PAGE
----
Sports Illustrated’s interview with Kobe Bryant is just as revealing and interesting as the one the magazine recently gave us featuring Phil Jackson. Kobe Bryant’s basketball brain is rather large, so any time he goes on record you can trust that interesting stuff will come out, even if you can see right through the bluster.
What he gave SI’s Jack McCallum on Feb. 12 was bluster, but it’s also a direct line into Bryant’s thinking. Kobe won’t consider for a second that the Los Angeles Lakers aren’t making the playoffs this season, and he’s not letting his team’s 26-29 (and, at the time of the interview, 24-28) record deter him. He’s making the playoffs, and he doesn’t mind the competition that awaits.
SI: Can you get this done? And is it hard that after winning five championships you're battling to make the playoffs?
Bryant: It's not a question of if we make the playoffs. We will. And when we get there, I have no fear of anyone -- Oklahoma City, San Antonio, Denver ... whoever. I have zero nervousness about that.
SI: OK, that's you, who has never been known for lack of confidence.
Bryant: But I'm not talking about just me. Us as a group. We will make the playoffs. And we will compete.
The Lakers are currently three and a half games behind the eighth-seeded Houston Rockets for that final playoff spot out West. On the surface, with seven weeks and 27 games left to play, that may not seem like too steep a hurdle. Especially when you consider that the team will welcome Pau Gasol back in early April, and the fact that the Lakers and Rockets will take part in what could be a play-in game in Los Angeles on the final night of the regular season.
The team has won just 26 of its first 55 games, though. And if the Rockets continue their current pace, the going rate for an eighth seed will be 44 wins. This means the Lakers would have to completely reverse gears and toss off an 18-9 record to finish the season. Not a legendary mark, to be sure, but it’s also a winning percentage completely out of line from what we’ve seen from Kobe’s crew so far in 2012-13.
We’ve been waiting for that switch to be flipped all season. The All-Star break and a clear enemy in the Houston Rockets could go a long way toward defining goals and finally turning this lost season around, but do the Lakers have it in them?
A massive Laker comeback is certainly not out of the question, because NBA teams can often bank on those coin flip games landing the right way a disproportionate amount of times. Houston fans know this better than anyone else, just five years removed from a 22-game Rocket winning streak helmed by a relatively unremarkable (to, say, the 1972 Lakers or 1996 Bulls) cast of characters. That 2007-08 Rocket team put together a 33-27 record aside from that streak, something that seems more in line for a team working through 43 games’ worth of missed games from Tracy McGrady and Yao Ming.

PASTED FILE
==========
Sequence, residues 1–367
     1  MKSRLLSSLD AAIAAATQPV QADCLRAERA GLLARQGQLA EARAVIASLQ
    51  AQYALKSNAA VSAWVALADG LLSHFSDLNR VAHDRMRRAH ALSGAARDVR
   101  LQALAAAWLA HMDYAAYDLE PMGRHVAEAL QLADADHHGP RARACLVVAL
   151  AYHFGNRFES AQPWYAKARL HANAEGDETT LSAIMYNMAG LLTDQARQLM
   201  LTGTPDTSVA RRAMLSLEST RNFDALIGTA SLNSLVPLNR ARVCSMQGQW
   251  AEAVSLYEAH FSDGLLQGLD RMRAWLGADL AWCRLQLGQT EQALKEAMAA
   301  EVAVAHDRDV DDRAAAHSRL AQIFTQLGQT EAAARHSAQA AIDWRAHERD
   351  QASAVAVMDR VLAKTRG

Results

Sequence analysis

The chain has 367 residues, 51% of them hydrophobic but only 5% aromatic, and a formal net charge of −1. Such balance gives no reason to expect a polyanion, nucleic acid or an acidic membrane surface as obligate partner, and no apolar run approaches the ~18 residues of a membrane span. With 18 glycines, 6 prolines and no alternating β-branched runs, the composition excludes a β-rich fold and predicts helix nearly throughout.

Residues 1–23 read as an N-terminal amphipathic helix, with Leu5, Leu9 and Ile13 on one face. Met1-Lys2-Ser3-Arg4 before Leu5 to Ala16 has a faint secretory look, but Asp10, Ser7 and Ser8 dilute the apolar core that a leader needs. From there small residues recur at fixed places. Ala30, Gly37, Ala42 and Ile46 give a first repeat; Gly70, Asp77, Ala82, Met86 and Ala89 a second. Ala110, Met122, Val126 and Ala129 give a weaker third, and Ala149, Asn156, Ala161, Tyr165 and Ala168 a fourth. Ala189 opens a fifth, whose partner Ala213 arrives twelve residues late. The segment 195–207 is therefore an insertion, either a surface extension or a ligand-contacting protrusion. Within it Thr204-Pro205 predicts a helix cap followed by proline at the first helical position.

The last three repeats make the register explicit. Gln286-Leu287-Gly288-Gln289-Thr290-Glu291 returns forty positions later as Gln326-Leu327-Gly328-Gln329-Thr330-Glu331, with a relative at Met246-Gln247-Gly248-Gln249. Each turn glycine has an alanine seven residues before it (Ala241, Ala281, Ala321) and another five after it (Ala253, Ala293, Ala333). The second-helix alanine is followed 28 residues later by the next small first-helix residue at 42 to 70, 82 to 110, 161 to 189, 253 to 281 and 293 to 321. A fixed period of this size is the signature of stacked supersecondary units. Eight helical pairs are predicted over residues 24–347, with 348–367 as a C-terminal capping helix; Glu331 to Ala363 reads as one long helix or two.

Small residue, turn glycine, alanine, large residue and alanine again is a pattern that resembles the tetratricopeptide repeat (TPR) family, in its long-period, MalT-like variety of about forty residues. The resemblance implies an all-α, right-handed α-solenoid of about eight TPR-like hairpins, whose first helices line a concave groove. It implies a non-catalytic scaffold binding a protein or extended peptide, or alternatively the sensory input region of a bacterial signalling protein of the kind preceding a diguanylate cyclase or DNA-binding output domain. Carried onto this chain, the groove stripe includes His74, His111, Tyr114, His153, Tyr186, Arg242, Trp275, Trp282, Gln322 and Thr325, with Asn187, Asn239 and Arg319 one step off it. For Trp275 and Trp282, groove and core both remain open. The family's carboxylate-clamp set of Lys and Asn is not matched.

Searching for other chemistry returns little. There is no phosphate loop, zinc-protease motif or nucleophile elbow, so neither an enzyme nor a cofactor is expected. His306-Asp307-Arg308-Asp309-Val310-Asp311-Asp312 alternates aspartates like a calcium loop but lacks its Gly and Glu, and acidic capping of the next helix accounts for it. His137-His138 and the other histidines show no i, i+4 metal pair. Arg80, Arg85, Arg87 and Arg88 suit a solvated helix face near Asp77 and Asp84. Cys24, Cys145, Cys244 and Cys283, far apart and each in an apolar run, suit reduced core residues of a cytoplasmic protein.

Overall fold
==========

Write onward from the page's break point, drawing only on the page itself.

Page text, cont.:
Using that sense, an 18-9 record to finish the season and take on those Western bigwigs Kobe casually dismissed last week doesn’t seem like too much of a burden. So much has to go right, though, with the Lakers (who are 9-18 on the road) playing 10 of 14 games away from Los Angeles in March. The Rockets (who have played more road games than home attempts this season) would have to maintain their current rate, no given thing considering how the team has improved steadily as the games have moved along, and the Lakers would have to completely turn around their season on a dime.
As has been the hope for Los Angeles all year long. The opening night loss to Dallas was supposed to be the low point. Then it was the three-game losing streak to start the season. Then the firing of Mike Brown was supposed to turn things around. Then it was the ascension of Mike D’Antoni that was supposed to fix things. Then it was the return of Steve Nash. Then it was the return of Pau Gasol. Then it was the benching of Pau Gasol. Then it was the various “season starts TO-DAY!” proclamations. Then it was the return home after the Grammy trip. Now it’s the return from the All-Star break, and Kobe’s on-record guarantee.
The point being is that we’ve seen this dance before. Nothing will change in Los Angeles unless Dwight Howard begins to approximate his play prior to 2011 on both sides of the ball, and Kobe Bryant attempts to play the sort of defense that he showcased in Sunday’s All-Star game. All worries about bench woes and lacking teammates will slide away, as we saw in Miami last season, once the top-heavy end of the roster starts to play to its potential.
And in Kobe’s defense, these are things you say. These are things you not only tell others while on record with Sports Illustrated, but to yourself as you attempt to work through the malaise. The Los Angeles Lakers don’t need Kobe Bryant to be pragmatic, or mindful of the Houston Rockets’ latest win. They need him to score, finally hit a friggin’ three-pointer (Bryant has missed 33 of his last 34 attempts from behind the arc), and start playing defense. They need his resolve to sustain. They don’t need a scoreboard-watcher.
An 18-9 record, probably, to make the playoffs and see if it was all worth it. It’s certainly workable, and Bryant’s belief is admirable. We’ll be watching, Kobe.